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Revista Española de Cardiología (English Edition) Revista Española de Cardiología (English Edition)
Rev Esp Cardiol. 2017;70:145-54 - Vol. 70 Num.03 DOI: 10.1016/j.rec.2016.05.010

Social Inequalities in Cardiovascular Risk Factors Among Older Adults in Spain: The Seniors-ENRICA Study

Bibiana Pérez-Hernández a, Esther García-Esquinas a,, Auxiliadora Graciani a, Pilar Guallar-Castillón a, Esther López-García a, Luz M. León-Muñoz a, José R. Banegas a, Fernando Rodríguez-Artalejo a

a Departamento de Medicina Preventiva y Salud Pública, Facultad de Medicina, Universidad Autónoma de Madrid/IdiPaz, CIBER de Epidemiología y Salud Pública, CIBERESP, Madrid, Spain

Refers to

Keywords

Cardiovascular risk factor. Social inequality. Education. Older adult.

Abstract

Introduction and objectives

To examine the distribution of the main cardiovascular risk factors (CVRF) according to socioeconomic level (SEL) among older adults in Spain.

Methods

A cross-sectional study conducted in 2008-2010 with 2699 individuals representative of the noninstitutionalized Spanish population aged ≥ 60 years. Socioeconomic level was assessed using educational level, occupation, and father's occupation. The CVRF included behavioral and biological factors and were measured under standardized conditions.

Results

In age- and sex-adjusted analyses, higher educational level was associated with a higher frequency of moderate alcohol consumption and leisure time physical activity, and less time spent watching television. An inverse educational gradient was observed for frequency of obesity (odds ratio [OR] in university vs primary level or below education, 0.44; 95% confidence interval [95%CI], 0.33-0.57; P-trend < .01), metabolic syndrome (OR = 0.56; 95%CI, 0.43-0.71; P-trend < .01), diabetes (OR = 0.68; 95%CI, 0.49-0.95; P-trend < .05), and cardiovascular disease (OR = 0.52; 95%CI, 0.29-0.91; P-trend < .05). Compared with a nonmanual occupation, having a manual occupation was associated with a higher frequency of several CVRF; this association was stronger than that observed for father's occupation. Differences in CVRF across SELs were generally greater in women than in men.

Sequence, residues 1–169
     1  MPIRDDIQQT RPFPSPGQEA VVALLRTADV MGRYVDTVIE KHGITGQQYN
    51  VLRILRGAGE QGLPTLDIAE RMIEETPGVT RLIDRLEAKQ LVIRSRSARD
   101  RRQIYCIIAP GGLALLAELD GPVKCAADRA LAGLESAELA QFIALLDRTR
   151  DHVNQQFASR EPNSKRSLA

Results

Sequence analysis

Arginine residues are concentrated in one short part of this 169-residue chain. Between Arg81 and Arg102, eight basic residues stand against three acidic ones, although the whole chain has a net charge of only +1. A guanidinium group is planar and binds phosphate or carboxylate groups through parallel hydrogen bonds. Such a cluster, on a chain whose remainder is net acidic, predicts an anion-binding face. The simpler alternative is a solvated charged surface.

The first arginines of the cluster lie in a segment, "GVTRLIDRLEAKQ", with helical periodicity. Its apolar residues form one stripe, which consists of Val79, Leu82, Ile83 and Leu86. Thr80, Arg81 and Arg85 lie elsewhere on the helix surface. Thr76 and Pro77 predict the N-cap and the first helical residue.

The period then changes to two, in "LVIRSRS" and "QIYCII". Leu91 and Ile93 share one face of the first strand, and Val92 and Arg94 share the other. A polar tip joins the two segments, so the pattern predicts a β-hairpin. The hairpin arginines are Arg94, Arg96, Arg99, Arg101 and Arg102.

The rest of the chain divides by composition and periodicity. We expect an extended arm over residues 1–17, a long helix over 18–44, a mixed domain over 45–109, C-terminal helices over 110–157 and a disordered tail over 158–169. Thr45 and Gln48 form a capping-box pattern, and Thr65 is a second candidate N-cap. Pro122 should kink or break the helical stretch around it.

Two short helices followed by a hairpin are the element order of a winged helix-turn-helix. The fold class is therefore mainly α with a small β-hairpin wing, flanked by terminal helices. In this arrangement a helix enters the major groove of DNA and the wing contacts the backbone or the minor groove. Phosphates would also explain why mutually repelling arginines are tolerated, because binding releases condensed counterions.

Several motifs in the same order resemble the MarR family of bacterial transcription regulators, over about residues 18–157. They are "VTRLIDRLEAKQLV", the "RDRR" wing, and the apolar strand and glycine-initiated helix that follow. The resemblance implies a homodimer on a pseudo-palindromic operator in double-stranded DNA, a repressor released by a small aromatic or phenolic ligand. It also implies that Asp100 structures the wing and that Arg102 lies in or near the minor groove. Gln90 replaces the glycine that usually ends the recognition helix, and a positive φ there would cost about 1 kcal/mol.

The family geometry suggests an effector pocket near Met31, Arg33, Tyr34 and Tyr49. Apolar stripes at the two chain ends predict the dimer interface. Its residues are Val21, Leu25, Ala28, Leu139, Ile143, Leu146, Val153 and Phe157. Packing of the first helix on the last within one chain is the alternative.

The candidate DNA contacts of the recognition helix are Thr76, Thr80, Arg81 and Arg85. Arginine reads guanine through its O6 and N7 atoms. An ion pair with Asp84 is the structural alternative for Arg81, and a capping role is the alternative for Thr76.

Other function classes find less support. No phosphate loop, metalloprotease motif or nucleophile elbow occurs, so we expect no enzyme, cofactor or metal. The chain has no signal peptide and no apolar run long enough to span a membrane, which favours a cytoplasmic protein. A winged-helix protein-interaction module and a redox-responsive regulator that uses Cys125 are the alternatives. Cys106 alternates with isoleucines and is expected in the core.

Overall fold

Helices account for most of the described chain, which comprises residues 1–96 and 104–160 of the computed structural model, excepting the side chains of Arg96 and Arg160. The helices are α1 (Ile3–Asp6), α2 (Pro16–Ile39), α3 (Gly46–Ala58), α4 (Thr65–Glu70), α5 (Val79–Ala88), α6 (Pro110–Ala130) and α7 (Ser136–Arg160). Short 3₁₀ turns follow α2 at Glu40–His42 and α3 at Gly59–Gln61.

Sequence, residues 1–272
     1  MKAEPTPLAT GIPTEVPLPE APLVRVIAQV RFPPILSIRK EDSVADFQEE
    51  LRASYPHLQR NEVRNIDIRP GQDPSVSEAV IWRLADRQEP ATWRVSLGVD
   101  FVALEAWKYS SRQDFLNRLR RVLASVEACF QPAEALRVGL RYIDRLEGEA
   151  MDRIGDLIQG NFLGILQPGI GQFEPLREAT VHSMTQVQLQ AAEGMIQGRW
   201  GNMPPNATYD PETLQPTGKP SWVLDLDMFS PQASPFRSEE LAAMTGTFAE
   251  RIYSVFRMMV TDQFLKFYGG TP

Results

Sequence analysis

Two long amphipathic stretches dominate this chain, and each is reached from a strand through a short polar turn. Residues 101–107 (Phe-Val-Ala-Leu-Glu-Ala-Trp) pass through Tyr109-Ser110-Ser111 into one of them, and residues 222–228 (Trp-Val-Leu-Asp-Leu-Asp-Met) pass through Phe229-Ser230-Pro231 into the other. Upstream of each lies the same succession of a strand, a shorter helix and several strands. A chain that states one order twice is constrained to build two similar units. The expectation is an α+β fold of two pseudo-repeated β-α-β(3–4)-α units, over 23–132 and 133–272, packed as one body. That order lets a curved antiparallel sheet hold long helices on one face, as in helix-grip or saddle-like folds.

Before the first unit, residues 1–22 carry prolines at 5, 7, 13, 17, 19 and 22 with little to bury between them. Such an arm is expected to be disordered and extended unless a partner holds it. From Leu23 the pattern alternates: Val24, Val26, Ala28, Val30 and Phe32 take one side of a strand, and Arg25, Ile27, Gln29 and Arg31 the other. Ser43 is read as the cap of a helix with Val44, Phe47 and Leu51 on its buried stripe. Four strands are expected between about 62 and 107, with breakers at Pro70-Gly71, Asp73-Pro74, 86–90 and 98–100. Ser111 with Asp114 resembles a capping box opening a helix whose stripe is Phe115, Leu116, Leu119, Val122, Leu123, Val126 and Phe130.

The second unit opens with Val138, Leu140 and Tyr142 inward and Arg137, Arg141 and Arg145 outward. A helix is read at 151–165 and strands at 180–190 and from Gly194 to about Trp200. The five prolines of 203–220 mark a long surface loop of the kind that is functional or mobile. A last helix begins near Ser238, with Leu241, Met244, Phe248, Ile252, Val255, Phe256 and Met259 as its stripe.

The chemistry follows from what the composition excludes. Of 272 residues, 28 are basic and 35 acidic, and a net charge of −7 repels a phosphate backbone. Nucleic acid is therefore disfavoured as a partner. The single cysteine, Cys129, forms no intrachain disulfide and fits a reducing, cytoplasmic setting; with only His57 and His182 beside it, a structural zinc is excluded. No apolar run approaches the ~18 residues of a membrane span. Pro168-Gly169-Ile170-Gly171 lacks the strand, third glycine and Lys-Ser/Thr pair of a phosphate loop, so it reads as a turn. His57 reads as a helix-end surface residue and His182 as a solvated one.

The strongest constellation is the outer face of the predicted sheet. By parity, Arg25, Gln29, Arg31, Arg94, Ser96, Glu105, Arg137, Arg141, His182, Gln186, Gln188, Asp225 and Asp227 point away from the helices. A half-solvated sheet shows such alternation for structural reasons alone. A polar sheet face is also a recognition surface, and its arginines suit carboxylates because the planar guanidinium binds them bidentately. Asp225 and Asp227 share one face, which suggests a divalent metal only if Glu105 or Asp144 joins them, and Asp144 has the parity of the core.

Conclusions

There are significant social inequalities in CVRF among older adults in Spain. Reducing these inequalities, bringing the levels of CVRF in those from lower SEL in line with the levels seen in higher SEL, could substantially reduce the prevalence of CVRF in the older adult population.

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